July 19, 2007
Although I am on vacation (technically), I cannot keep myself away from recent CEO events. I have been following the Whole Foods’ CEO John Mackey episode with great interest. As you probably heard by now, he was discovered to have been posting on a discussion board using a fake name. For eight years, no less! I went to the web site to see the latest press release. I found this:
AUSTIN, Texas (July 17, 2007). Whole Foods Market today released the following statement from Co-founder, Chairman and CEO, John Mackey: “I sincerely apologize to all Whole Foods Market stakeholders for my error in judgment in anonymously participating on online financial message boards. I am very sorry and I ask our stakeholders to please forgive me.”
The press release is all of 50 words. I don’t recall reading something this short from a corporation.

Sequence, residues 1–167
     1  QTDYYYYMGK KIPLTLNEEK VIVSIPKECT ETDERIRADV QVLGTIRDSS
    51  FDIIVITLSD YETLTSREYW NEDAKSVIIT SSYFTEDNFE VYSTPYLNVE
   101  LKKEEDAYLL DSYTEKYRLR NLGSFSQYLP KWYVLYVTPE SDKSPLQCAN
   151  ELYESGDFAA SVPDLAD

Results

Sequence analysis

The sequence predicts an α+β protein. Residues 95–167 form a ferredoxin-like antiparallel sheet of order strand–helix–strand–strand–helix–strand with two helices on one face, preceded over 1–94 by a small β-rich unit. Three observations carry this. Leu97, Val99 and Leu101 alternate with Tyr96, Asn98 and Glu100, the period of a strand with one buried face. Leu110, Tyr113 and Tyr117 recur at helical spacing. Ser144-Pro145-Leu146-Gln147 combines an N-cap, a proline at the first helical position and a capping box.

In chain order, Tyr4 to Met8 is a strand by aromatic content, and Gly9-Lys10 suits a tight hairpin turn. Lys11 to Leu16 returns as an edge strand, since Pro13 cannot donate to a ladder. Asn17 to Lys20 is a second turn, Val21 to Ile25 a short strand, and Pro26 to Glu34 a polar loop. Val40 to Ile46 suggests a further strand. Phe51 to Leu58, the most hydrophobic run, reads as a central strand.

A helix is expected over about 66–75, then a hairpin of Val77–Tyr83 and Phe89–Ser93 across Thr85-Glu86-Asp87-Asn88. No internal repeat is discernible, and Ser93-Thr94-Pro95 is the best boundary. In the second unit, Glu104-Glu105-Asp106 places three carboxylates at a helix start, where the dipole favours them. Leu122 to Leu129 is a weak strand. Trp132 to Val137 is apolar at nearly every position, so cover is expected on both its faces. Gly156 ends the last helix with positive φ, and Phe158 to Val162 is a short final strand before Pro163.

I firmly believe that Mackey’s behavior was an error in judgment as he said. Transparency is the watchword for CEOs and public companies. What was he thinking? I know that he is described as quirky but at some point in those eight years, he must have wondered whether his “fun” postings crossed the line. My sense is that a new CEO will be announced in due time. Its just too close for comfort.
I believe that this is another example of CEO-itis. Mackey lost track of how his behavior impacts the reputation of Whole Foods. Like other CEOs, he thought he was invincible. Even as a founder, he must recognize that each employee’s conduct reflects the ethical standards and moral underpinnings of the company. My sense is that if another officer of the company had been posting anonymously, they would have been shown the door. Reputation of the CEO and other senior officers matters and need to be taken ever so seriously.
CEO John Mackey, Whole Foods, transparency, apology, reputation matters, ethical conduct, moral underpinnings